The document lays out a range of guidelines for where to use meters, residential parking permits (RPPs), time limits, and color curb regulations. Lauren Mattern, manager of the SFMTA’s eastern neighborhood parking management plans, said the document would set clear policies for which of those to use on blocks with mixed-use buildings like “live-work” lofts, where the differentiation between residence and businesses can be a grey area — one of the major issues of contention with ENUF.

Whether the document will help appease ENUF is unclear. In discussions with Streetsblog in April, Tony Kelly of the Potrero Hill Boosters Association insisted that he and members of ENUF agree with the need for parking management, but take issue with adding meters to some mixed-use blocks where they didn’t think the demand was high enough. However, ENUF spokesperson John Lum said he didn’t see how meters increase turnover, and that “making one neighborhood more expensive to park in for the people who live and work here, for no added benefit, is tacitly unfair.” (Lum also opposed bike lanes on 17th Street that removed some parking spaces.)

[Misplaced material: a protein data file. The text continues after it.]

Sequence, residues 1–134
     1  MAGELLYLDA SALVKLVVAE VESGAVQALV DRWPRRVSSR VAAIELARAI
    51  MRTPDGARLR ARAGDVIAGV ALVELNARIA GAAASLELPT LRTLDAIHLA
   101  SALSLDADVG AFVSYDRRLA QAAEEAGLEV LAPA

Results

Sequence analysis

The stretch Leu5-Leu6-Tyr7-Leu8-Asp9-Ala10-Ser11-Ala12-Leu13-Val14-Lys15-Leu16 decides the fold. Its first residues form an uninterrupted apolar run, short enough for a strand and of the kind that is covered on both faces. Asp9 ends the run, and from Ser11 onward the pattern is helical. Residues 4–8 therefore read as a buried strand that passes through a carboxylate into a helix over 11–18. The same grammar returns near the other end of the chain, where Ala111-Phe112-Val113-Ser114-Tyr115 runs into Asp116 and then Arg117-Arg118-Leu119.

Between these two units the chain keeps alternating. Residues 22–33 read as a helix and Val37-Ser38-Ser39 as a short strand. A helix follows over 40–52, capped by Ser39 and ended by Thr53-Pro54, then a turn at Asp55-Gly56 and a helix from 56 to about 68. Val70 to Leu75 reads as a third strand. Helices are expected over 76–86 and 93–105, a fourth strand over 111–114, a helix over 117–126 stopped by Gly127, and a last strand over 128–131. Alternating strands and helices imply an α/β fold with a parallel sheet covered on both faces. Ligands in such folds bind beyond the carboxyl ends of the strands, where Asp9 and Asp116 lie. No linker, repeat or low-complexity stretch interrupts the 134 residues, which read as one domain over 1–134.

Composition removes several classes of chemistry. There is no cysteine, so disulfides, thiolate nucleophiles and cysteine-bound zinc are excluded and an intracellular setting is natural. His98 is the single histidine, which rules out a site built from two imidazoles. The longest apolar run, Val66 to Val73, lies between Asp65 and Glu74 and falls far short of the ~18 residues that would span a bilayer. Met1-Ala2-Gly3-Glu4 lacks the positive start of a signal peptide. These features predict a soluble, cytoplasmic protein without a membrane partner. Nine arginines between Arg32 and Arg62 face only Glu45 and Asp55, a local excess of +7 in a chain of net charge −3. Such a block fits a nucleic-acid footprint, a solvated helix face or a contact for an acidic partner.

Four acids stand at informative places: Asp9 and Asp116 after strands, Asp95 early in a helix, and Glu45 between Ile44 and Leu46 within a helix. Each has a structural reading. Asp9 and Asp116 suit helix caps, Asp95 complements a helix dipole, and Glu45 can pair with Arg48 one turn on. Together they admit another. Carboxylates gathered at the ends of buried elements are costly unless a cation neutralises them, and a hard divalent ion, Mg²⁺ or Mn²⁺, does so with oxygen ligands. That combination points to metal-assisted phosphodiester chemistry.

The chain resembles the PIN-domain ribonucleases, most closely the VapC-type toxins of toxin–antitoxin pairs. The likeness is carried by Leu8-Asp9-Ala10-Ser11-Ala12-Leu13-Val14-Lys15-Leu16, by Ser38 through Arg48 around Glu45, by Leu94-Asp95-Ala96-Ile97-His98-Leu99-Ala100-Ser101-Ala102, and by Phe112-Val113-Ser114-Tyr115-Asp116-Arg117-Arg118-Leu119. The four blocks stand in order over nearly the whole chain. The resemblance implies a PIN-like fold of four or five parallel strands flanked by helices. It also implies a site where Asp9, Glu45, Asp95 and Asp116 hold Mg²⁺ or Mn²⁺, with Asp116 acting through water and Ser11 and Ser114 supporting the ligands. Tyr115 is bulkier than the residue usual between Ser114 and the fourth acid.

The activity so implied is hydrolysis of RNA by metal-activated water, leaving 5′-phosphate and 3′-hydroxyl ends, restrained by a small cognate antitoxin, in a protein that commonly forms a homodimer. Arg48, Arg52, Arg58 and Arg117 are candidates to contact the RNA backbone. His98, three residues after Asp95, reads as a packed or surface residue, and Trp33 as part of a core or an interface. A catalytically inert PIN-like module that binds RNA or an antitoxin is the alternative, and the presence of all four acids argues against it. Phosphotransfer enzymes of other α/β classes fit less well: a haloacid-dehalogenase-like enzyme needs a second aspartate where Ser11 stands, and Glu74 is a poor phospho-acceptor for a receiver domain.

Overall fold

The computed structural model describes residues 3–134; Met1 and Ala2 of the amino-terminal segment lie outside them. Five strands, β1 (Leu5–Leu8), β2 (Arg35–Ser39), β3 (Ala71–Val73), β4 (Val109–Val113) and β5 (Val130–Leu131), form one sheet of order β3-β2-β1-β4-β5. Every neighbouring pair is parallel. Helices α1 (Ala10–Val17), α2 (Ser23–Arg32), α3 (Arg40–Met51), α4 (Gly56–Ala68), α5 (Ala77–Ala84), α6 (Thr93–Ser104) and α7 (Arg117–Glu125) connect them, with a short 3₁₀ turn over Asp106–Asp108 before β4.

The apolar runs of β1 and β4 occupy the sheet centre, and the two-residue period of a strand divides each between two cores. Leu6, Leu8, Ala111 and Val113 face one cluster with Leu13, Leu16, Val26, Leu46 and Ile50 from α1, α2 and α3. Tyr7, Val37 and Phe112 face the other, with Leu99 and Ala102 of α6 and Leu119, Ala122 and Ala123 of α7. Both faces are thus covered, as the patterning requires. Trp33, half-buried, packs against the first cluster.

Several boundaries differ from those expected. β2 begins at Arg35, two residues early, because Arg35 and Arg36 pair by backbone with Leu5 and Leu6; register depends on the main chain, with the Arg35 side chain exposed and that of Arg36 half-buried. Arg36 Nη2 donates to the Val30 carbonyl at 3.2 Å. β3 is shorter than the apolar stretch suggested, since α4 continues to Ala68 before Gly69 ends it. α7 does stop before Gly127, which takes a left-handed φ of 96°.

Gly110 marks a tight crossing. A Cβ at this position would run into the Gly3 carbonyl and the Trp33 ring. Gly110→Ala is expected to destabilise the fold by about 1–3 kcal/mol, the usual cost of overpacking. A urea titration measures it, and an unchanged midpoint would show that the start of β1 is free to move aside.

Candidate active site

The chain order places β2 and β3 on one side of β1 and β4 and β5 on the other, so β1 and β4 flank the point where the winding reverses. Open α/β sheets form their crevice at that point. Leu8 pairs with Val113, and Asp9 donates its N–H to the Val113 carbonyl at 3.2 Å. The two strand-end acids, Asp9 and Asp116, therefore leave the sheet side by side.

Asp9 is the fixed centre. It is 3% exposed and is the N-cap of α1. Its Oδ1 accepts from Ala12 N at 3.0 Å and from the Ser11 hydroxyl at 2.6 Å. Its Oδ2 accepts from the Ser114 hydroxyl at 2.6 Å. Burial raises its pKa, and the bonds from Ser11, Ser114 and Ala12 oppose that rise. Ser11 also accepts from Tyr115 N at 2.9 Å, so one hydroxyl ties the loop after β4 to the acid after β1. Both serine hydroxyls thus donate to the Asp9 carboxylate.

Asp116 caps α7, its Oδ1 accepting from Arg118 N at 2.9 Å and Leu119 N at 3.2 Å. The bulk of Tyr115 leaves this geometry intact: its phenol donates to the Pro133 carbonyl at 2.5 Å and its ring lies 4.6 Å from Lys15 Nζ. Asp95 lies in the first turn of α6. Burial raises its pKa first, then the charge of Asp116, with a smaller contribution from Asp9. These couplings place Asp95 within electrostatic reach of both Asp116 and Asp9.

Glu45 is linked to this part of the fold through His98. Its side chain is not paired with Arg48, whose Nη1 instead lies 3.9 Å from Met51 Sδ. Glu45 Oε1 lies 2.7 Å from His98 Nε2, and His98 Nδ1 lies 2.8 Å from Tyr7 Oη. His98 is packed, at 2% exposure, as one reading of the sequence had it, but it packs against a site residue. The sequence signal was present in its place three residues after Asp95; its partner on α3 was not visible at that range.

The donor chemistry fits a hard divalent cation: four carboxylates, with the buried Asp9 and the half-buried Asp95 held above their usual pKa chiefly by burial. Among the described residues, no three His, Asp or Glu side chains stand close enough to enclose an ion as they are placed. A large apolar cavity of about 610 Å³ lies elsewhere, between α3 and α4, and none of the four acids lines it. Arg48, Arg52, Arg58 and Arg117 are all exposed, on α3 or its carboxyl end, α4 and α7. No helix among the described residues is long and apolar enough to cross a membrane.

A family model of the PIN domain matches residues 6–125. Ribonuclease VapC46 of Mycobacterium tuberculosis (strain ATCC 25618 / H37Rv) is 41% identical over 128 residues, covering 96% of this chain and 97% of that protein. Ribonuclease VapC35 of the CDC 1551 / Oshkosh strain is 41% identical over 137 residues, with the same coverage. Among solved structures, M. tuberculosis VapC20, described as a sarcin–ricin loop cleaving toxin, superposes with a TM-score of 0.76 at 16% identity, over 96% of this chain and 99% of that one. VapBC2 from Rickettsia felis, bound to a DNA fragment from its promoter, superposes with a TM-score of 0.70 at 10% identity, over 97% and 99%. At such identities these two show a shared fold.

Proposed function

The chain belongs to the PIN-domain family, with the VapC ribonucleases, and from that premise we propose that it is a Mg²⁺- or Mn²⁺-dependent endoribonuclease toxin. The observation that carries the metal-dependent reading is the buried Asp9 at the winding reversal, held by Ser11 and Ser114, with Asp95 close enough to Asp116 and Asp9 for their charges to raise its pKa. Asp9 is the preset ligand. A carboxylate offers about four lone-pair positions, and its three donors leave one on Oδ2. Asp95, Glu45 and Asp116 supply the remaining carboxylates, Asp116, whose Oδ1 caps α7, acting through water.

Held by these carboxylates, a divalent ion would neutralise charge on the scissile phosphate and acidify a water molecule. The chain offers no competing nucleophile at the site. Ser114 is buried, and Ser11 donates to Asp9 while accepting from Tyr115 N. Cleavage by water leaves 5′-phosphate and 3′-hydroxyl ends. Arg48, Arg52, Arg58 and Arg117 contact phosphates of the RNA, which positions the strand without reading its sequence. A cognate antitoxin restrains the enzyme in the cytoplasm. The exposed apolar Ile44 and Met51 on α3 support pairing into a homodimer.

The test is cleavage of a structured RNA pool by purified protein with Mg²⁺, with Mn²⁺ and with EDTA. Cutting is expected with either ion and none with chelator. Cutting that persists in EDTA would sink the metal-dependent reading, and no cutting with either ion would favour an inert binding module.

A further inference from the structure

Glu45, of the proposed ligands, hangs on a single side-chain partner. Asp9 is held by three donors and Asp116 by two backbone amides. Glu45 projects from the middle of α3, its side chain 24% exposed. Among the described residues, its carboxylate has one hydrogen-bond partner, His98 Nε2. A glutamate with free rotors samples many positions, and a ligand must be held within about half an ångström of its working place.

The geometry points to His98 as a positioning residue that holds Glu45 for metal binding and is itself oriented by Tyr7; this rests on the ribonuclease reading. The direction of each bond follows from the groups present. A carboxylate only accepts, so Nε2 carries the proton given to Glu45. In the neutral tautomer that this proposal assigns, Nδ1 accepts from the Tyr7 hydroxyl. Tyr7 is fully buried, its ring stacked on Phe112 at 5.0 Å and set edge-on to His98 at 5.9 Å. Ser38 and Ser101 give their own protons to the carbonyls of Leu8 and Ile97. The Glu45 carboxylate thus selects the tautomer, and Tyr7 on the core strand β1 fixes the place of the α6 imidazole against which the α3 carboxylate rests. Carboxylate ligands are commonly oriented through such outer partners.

17th Street next to the Jackson playground.

ENUF’s website says it is conducting its own survey of parking demand in the neighborhood which it expects “will result in a more tailored parking plan that meets the real needs of our neighborhoods rather than the one-size-fits-all plan to blanket the areas with parking meters.”

On ENUF’s email list, members discussing the document questioned the SFMTA’s motives. “The usual MO of MTA has been to print appeasing public policy, and then to aggressively do whatever they want to do without listening to anybody else,” one member wrote.